Different use cases and different business strategies require tailored business needs. In SAP Data Warehouse Cloud “Spaces” allows you to create an environment that meets your particular requirements. You can assign users and connections to a specific space and adjust the storage capacity.
Spaces are virtual work environments with their own databases. Spaces are decoupled, but are open for flexible access, thus allowing your users to collaborate without having to worry about sharing their data. To model your data and create stories, you need to start off by creating a space in your data Warehouse Cloud Tenant. You can decide how much and what kind of storage you need, as well as how important your space is compared to other spaces. You also add the users and set up the connections here.
Space Management – Datawarehouse Cloud
Understanding the Menu – Space management
Within the space management you can do the following:
- Create spaces
- Get an overview of all spaces
- Get an overview of the storage usage of spaces
- Add or remove users
- Add or remove connections
- Increase or decrease storage capacity
- Within overview sections, you see your space ID and the Space name which was created by you and the status of the Space indicates whether the space is active or inactive. Space ID cannot be changed once the space is created however you can change the space name if needed.
- You also see the overall memory assigned and distributed to your space. Disk size in GB and in memory in GB. At this level, you also have the ability to increment or decrement the size.
- Space priority indicates that how important your space is comparing to other spaces that you might have created. The highest priority is 5 and the lowest priority you can set is 1. The concept of prioritization is that spaces send queries or jobs to the database and It is then up to the database to determine which job or application to deal with first. To solve this problem, queries from certain spaces can be favored, meaning they will be processed faster than queries from other spaces. Spaces with a priority of 5 have the most highest accessible need and queries from these spaces are processed quicker.
This section allows you to decide and add which users are to be part of this space. For example suppose you have multiple spaces for various different departments like HR, Marketing, Sales, etc and you want to only have sales department employees/users to be in the Sales Space and no other department user should exist. which basically means that you are adding members of the sales department who are allowed to work in this particular space.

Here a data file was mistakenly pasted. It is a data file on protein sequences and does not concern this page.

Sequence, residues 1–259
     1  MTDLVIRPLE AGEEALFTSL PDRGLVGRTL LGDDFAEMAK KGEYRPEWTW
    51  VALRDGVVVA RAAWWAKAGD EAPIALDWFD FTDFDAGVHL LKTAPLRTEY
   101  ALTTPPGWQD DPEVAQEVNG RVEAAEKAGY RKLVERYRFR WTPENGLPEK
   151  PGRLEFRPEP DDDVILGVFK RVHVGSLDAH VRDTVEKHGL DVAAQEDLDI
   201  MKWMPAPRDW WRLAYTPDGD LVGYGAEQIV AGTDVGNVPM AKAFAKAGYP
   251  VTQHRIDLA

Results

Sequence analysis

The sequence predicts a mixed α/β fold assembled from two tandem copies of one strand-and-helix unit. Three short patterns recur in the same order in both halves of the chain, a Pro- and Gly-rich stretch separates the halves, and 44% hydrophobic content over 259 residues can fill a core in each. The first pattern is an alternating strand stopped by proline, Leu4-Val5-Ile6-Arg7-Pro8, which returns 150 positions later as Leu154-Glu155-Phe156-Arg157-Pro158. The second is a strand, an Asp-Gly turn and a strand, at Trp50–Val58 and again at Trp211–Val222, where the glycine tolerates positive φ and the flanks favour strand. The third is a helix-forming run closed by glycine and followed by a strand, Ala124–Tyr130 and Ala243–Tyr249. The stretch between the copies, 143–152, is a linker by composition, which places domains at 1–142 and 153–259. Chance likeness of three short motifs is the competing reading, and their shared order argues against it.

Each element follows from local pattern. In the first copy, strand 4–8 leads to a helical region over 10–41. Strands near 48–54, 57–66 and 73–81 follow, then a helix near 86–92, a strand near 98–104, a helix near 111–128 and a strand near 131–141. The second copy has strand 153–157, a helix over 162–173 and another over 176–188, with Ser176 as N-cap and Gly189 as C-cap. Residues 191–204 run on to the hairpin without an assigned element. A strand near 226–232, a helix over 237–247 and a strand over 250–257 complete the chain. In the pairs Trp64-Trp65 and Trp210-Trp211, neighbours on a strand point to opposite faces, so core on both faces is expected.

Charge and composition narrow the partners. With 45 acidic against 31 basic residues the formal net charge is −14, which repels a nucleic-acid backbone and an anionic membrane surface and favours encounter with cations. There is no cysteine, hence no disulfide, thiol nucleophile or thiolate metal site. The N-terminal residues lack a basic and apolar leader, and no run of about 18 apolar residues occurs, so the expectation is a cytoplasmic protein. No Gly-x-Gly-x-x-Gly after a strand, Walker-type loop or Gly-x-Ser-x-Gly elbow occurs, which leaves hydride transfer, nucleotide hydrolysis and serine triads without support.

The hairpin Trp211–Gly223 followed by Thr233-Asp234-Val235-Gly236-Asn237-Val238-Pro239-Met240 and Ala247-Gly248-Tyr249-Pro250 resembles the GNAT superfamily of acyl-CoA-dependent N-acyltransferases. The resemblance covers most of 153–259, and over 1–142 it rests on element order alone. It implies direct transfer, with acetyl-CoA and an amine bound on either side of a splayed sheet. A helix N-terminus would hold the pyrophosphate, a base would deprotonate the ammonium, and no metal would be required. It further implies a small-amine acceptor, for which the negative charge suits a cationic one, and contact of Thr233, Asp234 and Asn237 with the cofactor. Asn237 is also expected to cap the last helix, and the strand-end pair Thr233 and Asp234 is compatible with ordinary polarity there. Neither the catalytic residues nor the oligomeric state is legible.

- You can see a list of already added users to this particular space.
- You are able to add any new users/members to this space as per need by clicking on the (+) icon.
- You are able to remove any user/member by simply selecting the user and press the delete icon.
- Finally, if you have a huge list of users/members then utilize the search bar to make your life easy by quickly searching and navigating to that user.
This is where you will able to leverage the SDI capabilities in order to create and establish a remote connection to any other SAP or third party systems. You do not need to perform any long tasks to create connections in DWC it is pretty simple and straight forward to create remote connections by few clicks. To see an example on how to create a remote connection in SAP data warehouse cloud you can visit my other blog here.
- You can view all existing connections that are set up in this space.
- You can add or delete any connection.
- Once the connection is added you can validate to ensure there are no connectivity issues.
- Utilize the search bar to look for any connections if the list is too big.
An open SQL schema contains the space-specific database objects of that space. With this functionality, you would be able to expose data and metadata from 3rd-party tools to SAP Data Warehouse Cloud, for example, via JDBC by creating an open SQL schema. There is no set limit to the number of open SQL schemas you can have, you can create multiple open SQL schemas for one space. Also, you can edit and create new open SQL schemas in Space Management.
For example, you would need an open SQL schema if you have existing data models or flows somewhere which you would like to use these in SAP Data Warehouse Cloud and maybe further use these data models to create any stories at a later stage.